“Home Sweet Home” has traditionally been viewed as such a wholesome thought that people will hang embroidered versions on their kitchen wall. A little moral embroidery is what’s required of the characters in Mad Horse Theatre’s opening production of the season.

Philip Ridley’s 2014 play “Radiant Vermin” is a surreal, dark and very funny satire about how badly people want the home of their dreams and what they are willing to do to have it.

It’s a rough journey for the young British couple Jill (Allison McCall) and Ollie (Joe Bearor) as they accept an unusual offer of a free house. Miss Dee (Dana Wieluns Legawiec), the mysterious government official who makes the offer, assures them that there are no strings attached other than that they must be discreet about the deal. The house is a bit rundown but, Miss Dee notes, with some work it could lead to a renewal of the entire area.

Ollie’s a little reluctant but the pregnant Jill sees the potential of a better home for their growing family and, with the right sort of manipulative encouragement from Miss Dee, the ownership contract is soon signed.

After moving in, the couple finds that there’s a bothersome issue with homeless people camping nearby. An accidental encounter with one of them leads to the discovery that the key to bringing their house quickly up to middle-class standards involves dealing with that issue rather harshly. Finding out the details is worth a trip to the black box theater in South Portland for an experience that will likely make you squirm just a little as you laugh.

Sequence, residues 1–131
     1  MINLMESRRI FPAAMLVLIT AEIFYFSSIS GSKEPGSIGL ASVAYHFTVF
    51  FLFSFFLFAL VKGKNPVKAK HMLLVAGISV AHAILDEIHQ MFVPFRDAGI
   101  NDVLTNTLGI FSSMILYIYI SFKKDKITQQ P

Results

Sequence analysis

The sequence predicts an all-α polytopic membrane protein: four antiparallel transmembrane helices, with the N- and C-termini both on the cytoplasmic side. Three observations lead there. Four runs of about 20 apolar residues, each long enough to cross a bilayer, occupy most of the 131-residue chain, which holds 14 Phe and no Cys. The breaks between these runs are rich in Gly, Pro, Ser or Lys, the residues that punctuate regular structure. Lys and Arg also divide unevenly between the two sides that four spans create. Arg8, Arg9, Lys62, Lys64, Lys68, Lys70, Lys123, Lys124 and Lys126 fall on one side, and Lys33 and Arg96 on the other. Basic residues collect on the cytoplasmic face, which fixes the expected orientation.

Director Jacob Cote has cranked up the performance rhythms of the production to achieve that sense of decisions being made too quickly by young adults too eager to climb the social ladder. The show gets a bit loud at times and those not used to hearing rapid-fire lines delivered with a British accent may miss a few of the laughs. But the overall message comes through, thanks to a fine cast.

McCall is a force as her Jill offers the rationale for their actions to Ollie and, in one long and nearly manic speech, directly to the audience. Ollie’s transformation is a little more subtly suggested by Bearor, until his character fiercely goes all-in on the project of “renovation.” Legawiec is a particularly sinister Miss Dee, creepily offering just the right sort of perverse reasoning to further her intentions.

Legawiec has one other role as the homeless and vulnerable Kay, who gets to spend one last evening with Ollie and Jill. And, speaking of multiple roles, the second act features a neighborhood party populated by a collection of banal strivers, all played by Bearor and McCall, the actors shifting into theatrical overdrive.

The minimal framing set by Stephen Legawiec and sometimes blinding (plot required) lighting by Chris DeFilipp are touches that help bring this diabolical little play home.

Steve Feeney is a freelance writer who lives in Portland.


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